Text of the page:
So why would you want to invest in a Rev drive? First, it's an all-in-one solution. You can use the same technology for both onsite and offsite backups and archives. Secon, it's very fast compared to tape and even NAS even, as we'll see, when backing up over the network.
|Iomega's Rev 70 doubles the capacity of its previous cartridges and offers a simple, all-in-one solution for onsite and offsite data backups and archiving.|
Our experience with the product was virtually problem free. Set-up is very simple, although the procedure is not quite standard. You install the software and then turn the computer off, plug in the drive using the USB cable and turn on the drive, then reboot. Our only complaint is that it commandeered a drive letter that was already in use by another external drive and changing the drive letter on that drive would have caused some applications to malfunction. This is not a hard problem to solve, however.
We already have Retrospect running on our system. It's bundled with hard drive products from other vendors, including Western Digital. Retrospect offers all the capability and flexibility most small businesses will want or need in a backup program.
It lets you set up conventional Backups that create compressed files that require you to use the Recover functions to reinstate them. Or you can create Duplicates, copies of entire folders or volumes that retain their native file structure which means you can access files at any time without going through a Recover process. Retrospect also offers sophisticated scripting capabilities so you can schedule automatic backups.
The Iomega product appears to work flawlessly with Retrospect. Some other hard drive products we've tried generate errors in Retrospect when running scripted Duplicate actions and cause the program to continually recopy unchanged files every time the script runs. That problem did not arise with the Rev drive.
On paper, the Rev drive doesn't offer quite as good performance as a standard USB 2.0 hard drive. The spindle speed in revolutions per minute, an often-used base measure of performance capability, is only 4,200 rpm, compared to 7,200 rpm for most hard drives. A typical sustained transfer rate for a USB 2.0 hard drive the speed at which you can copy or write files to or from the disk is 33 megabytes per second MBps. The maximum transfer rate for the Rev drive is given as 30 MBps.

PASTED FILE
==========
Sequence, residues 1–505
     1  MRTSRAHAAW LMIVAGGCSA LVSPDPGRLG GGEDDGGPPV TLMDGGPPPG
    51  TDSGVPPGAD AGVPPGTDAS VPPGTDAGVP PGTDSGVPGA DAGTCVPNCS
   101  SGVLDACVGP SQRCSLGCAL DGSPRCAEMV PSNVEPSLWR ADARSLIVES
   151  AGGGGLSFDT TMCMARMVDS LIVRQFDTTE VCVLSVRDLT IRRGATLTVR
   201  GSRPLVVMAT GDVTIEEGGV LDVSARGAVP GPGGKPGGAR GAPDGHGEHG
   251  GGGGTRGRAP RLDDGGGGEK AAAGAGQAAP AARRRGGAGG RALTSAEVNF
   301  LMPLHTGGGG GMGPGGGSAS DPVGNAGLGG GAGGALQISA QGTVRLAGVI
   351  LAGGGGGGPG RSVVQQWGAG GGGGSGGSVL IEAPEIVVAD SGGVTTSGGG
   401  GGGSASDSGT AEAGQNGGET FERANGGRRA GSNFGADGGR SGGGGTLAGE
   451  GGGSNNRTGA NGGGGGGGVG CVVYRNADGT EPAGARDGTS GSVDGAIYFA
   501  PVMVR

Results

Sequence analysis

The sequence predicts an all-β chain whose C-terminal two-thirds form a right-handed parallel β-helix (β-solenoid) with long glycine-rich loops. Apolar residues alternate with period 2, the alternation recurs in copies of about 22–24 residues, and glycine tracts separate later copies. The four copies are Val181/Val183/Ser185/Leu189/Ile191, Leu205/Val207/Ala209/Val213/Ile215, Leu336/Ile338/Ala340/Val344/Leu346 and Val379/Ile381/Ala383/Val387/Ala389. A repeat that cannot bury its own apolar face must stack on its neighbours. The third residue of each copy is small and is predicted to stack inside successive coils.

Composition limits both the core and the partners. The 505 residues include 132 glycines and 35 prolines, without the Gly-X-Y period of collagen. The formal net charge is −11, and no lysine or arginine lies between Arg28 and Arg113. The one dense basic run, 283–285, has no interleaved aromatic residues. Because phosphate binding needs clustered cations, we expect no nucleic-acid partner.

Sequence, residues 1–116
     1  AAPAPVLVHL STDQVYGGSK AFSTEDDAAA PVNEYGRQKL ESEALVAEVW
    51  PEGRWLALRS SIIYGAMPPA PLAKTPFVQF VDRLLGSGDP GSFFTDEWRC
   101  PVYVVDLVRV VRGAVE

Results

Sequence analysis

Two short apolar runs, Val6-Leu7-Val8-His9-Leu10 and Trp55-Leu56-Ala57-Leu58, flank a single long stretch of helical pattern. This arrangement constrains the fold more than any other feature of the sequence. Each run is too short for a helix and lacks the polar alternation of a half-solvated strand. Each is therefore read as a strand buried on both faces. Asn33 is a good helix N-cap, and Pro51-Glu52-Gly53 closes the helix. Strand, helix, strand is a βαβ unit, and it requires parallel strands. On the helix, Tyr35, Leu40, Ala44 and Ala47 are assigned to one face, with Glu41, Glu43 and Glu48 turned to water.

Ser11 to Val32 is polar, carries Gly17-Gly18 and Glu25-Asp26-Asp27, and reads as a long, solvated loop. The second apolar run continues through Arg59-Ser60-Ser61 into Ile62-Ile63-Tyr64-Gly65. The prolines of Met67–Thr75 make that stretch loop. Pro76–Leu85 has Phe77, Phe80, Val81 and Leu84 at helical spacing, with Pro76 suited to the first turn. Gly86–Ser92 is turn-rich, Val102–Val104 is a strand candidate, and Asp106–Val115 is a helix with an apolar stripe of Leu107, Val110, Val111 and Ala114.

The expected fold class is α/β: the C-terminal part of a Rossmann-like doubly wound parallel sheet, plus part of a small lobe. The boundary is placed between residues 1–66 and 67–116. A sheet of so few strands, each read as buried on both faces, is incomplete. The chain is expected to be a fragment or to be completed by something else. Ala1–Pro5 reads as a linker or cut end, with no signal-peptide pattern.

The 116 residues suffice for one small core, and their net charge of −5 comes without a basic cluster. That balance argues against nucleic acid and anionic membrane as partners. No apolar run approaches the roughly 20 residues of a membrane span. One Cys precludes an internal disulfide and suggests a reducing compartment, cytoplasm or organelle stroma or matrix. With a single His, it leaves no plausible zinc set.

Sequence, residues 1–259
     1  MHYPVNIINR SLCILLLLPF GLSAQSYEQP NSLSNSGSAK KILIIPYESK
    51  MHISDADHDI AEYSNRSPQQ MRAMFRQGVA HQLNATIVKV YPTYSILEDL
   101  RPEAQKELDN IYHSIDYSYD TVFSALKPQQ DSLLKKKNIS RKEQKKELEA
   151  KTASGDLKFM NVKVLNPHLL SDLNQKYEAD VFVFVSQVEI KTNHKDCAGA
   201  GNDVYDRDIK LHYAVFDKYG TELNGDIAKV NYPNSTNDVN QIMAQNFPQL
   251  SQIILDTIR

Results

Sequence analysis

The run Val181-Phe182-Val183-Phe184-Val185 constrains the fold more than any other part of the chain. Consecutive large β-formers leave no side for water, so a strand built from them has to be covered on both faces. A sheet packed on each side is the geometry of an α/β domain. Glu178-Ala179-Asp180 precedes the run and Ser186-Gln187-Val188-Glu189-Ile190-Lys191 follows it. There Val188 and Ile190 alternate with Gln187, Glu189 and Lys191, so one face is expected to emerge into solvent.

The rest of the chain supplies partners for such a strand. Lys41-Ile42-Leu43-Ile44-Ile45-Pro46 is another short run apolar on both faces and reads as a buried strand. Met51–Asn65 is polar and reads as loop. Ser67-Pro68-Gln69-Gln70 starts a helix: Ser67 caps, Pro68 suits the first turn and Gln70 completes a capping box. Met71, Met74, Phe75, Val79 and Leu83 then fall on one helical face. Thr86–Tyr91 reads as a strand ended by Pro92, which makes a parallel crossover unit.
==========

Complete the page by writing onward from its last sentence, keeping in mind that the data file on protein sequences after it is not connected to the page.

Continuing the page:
But in our not-very-scientific tests, the Rev drive performed impressively. we tested transfer speeds by measuring the time it took to transfer the same large (550 MB) file in a couple of different situations. It took 30 seconds to copy it from the hard drive on our main PC to the Rev drive and one minute and 45 seconds to copy the same file from the PC hard drive to a Western Digital WD NetCenter network drive attached to a network router. This shows the advantage of backing up to a directly connected drive versus a network drive it's much faster.
The surprising result was that when we copied the same file from the network drive back to the Rev drive simulating backing up from another computer on the network to the Rev drive it took only one minute and 24 seconds. So clearly you won't pay any speed penalty if you use this product to back up other computers over the network. The other disadvantages versus network hard drives that the Rev host computer must be on and that remote backups could impact performance on the host still apply.
If you're looking for a simple, all-in-one solution to both onsite and offsite backups and archiving, the Rev drive makes good sense. If you already have onsite backup and are only looking at Rev as an alternative to tape for offsite, it certainly outperforms tape, but you will pay a sizeable premium.
Based in London, Canada, Gerry Blackwell has been writing about information technology and telecommunications for a variety of print and online publications since the 1980s. Just for fun, he also authors features and columns on digital photography for Here's How, a spiffy Canadian consumer technology magazine.